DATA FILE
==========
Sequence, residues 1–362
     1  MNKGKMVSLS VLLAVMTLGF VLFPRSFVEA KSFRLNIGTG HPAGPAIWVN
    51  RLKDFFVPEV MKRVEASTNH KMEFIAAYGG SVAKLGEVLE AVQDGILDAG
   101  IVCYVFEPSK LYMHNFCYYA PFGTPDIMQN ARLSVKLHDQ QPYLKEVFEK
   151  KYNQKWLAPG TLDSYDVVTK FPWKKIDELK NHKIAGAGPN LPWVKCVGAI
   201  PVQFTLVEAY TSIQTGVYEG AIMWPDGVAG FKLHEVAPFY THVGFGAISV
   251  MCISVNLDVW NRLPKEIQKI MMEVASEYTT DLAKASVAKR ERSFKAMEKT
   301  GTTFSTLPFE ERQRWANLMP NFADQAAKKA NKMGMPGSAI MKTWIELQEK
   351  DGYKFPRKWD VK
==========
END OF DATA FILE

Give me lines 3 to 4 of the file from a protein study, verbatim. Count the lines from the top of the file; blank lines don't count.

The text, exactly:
    51  RLKDFFVPEV MKRVEASTNH KMEFIAAYGG SVAKLGEVLE AVQDGILDAG
   101  IVCYVFEPSK LYMHNFCYYA PFGTPDIMQN ARLSVKLHDQ QPYLKEVFEK